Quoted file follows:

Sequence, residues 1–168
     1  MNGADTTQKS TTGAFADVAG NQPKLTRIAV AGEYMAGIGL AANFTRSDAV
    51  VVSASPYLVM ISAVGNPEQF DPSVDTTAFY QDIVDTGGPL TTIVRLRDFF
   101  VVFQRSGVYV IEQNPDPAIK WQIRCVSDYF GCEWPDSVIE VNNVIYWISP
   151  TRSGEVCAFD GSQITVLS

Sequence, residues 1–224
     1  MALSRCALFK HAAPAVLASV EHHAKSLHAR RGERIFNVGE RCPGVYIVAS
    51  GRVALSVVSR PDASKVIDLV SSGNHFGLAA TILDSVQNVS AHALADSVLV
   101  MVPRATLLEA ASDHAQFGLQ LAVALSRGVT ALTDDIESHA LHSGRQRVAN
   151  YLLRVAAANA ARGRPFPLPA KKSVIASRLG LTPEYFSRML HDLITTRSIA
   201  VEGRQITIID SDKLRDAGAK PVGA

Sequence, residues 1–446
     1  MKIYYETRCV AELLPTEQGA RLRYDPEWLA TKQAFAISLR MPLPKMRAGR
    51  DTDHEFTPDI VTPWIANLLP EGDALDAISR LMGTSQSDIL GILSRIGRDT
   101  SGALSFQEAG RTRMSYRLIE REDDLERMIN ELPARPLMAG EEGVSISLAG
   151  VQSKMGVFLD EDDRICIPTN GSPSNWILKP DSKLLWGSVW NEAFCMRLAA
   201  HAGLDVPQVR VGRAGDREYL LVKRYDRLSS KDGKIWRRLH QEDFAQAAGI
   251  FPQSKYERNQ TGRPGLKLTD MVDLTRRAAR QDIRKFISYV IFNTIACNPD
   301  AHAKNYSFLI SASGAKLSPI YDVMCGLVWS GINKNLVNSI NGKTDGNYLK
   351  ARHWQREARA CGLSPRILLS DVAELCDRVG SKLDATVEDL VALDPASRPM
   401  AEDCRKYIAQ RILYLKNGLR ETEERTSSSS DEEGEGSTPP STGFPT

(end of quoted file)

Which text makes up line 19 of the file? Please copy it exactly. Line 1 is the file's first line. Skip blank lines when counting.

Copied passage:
   301  AHAKNYSFLI SASGAKLSPI YDVMCGLVWS GINKNLVNSI NGKTDGNYLK